Falujjah, The Name of the US Navy's Amphibious Assault Ship Taken From an Iraqi City

Falujjah, The Name of the US Navy's Amphibious Assault Ship Taken From an Iraqi City
Falujjah, The Name of the US Navy's Amphibious Assault Ship Taken From an Iraqi City

International Military - The next United States Navy (US Navy) amphibious assault ship will be named after a city in Iraq, Fallujah. The city witnessed some of the bloodiest fighting of the Iraq war, as US Marines fought Al-Qaeda extremists in deadly house-to-house battles.

US Navy Secretary Carlos Del Toro said the USS Fallujah would commemorate what became known as the "First and Second Battles of Fallujah". This follows the tradition of naming assault ships after Marine Corps battles or other early sailing ships and aircraft carriers.

"It is an honor to remember the Marines, soldiers and coalition partners who fought so bravely and those who sacrificed their lives during both battles in Fallujah," Del Toro said in a statement, as quoted by AP, Tuesday (29/12/2022) ).

Located about 65 kilometers from Baghdad, the city became a base for the Sunni anti-government rebellion after the 2003 US-led invasion overthrew Saddam Hussein. Al-Qaeda militants, who have risen against the Shia-dominated government in Baghdad, fought two bloody skirmishes with US troops in Fallujah in 2004 that killed more than 100 Americans and injured more than 1,000.

The first battle of Fallujah was sparked by increasing violence in the city, including the deaths of five US troops by roadside bombs, and four security contractors working for Blackwater USA. The contractors were killed and their bodies burned. Two bodies were hung from a bridge, and photographs of the massacre were circulated in the media.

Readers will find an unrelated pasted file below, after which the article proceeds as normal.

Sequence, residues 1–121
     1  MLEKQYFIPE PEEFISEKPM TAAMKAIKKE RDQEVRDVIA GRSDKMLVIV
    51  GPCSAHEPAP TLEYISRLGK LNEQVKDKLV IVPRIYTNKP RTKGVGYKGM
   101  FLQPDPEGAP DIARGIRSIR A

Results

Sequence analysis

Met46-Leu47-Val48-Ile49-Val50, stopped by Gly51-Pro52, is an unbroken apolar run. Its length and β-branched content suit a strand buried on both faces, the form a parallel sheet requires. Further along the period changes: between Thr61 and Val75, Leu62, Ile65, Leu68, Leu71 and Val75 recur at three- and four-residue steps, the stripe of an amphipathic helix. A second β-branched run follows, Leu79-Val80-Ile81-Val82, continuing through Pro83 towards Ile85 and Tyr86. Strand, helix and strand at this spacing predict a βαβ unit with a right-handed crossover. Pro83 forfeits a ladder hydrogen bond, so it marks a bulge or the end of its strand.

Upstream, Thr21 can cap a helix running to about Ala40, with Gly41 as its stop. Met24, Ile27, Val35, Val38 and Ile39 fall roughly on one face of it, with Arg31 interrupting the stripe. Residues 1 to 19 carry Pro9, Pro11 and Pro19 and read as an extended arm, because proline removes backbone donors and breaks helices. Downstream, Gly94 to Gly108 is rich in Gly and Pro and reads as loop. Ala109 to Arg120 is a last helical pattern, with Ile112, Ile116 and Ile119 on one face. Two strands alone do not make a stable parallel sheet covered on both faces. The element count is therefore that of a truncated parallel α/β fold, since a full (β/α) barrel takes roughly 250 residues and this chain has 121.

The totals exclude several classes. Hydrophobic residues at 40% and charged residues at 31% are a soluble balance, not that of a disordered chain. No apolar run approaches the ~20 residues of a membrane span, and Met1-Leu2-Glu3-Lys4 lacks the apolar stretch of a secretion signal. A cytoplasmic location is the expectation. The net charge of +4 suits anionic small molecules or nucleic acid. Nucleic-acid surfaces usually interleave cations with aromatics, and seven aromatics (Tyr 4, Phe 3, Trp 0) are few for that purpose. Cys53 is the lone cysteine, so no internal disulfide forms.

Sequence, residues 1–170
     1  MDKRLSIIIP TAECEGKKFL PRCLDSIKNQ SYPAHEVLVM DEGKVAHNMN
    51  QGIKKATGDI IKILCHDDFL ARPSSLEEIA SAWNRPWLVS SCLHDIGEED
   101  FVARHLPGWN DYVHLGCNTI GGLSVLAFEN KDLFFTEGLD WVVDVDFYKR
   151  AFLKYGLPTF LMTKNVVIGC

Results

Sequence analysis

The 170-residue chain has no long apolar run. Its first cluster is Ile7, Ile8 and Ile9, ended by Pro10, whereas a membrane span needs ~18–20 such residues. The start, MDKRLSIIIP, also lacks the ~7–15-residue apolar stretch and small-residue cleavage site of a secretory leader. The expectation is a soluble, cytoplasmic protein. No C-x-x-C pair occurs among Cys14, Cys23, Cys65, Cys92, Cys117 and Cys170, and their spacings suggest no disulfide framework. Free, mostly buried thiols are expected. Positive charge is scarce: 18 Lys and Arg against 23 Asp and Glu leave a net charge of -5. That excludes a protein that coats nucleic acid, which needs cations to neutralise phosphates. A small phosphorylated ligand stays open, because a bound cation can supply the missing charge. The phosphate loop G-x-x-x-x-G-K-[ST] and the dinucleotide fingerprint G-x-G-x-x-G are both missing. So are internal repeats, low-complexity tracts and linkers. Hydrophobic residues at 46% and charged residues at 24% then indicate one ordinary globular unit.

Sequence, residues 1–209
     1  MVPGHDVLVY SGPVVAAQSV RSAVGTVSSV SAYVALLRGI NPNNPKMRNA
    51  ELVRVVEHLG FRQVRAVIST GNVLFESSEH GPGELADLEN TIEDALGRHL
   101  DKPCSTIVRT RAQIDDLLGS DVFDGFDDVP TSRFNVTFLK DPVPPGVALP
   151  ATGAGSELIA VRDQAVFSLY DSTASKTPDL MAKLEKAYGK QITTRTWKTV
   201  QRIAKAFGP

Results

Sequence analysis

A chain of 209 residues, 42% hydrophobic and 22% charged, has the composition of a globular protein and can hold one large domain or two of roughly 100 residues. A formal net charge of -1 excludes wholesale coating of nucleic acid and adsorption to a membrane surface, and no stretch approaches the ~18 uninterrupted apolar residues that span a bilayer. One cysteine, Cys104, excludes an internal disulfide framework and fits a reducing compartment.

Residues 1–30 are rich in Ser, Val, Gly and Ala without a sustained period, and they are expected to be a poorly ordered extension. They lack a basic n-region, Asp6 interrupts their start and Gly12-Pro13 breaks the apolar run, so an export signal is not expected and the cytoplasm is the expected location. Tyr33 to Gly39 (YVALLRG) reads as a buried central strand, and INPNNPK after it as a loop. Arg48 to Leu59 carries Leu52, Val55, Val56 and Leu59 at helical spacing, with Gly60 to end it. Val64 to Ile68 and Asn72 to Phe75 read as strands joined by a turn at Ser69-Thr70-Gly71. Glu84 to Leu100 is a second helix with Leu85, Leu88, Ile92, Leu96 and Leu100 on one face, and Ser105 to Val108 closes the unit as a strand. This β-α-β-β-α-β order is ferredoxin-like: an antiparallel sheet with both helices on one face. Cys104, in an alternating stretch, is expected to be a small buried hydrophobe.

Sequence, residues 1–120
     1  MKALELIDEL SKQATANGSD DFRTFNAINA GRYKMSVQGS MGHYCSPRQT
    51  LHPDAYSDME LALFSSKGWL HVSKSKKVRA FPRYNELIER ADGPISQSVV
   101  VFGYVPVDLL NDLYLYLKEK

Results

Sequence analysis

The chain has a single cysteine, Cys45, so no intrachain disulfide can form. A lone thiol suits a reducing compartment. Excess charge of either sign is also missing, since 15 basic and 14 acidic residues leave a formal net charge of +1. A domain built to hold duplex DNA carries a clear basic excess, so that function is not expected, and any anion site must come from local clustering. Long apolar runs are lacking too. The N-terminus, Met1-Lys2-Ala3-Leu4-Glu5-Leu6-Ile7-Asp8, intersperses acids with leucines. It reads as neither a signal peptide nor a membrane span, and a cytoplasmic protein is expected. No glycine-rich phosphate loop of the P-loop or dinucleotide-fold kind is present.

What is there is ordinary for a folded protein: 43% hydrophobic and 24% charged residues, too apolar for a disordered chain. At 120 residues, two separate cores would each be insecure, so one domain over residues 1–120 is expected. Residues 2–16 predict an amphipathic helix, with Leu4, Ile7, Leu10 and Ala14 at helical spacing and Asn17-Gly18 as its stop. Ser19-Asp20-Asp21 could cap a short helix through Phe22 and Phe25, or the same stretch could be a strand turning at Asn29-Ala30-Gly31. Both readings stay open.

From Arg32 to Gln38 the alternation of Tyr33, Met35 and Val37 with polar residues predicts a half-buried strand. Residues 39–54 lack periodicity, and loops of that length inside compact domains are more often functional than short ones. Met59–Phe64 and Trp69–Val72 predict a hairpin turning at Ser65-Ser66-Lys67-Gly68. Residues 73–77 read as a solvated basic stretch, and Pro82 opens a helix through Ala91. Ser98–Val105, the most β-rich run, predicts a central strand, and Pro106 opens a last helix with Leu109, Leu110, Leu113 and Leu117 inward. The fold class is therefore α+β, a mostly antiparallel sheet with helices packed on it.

In response, the Marines fought for days to take control of the town, and at a turning point, a Marine vehicle was hit by a rocket-propelled grenade fired from the mosque, wounding five Marines. US troops converged on the mosque and eventually fired Hellfire missiles at the base of its minarets, and F-16 fighter jets dropped 500-pound bombs, killing dozens of people and igniting anti-American sentiment. However, within a month, US troops withdrew from Fallujah and handed control to local Iraqi security forces.

The second battle took place in November 2004, and was a major air and ground assault by US forces, along with British and Iraqi troops, to take control of the city. Dozens of Americans and hundreds of militants were killed and large parts of the city were damaged and destroyed. An Iraqi journalist in town at the time said, “People are afraid to even look out the window because of the snipers. Americans shoot anything that moves.”

Gen. Richard Myers, now retired but chairman of the US Joint Chiefs of Staff during that time, said that "hundreds and hundreds of insurgents" had been killed and captured. He said the Fallujah offensive was "very, very successful" but would not finish the insurgency. "If anyone thought that Fallujah would be the end of the insurgency in Iraq, that was never our goal, our intention, and even our hope," he said.

A decade later, the city once again became a hotbed of deadly insurgency as the Daesh (ISIS) group seized control, starting its dramatic offensive across Iraq. It took nearly two years, and an influx of US troops back into the country to rebuild Iraq's military, to recapture the city in a critical step to expel ISIS from major Iraqi cities.

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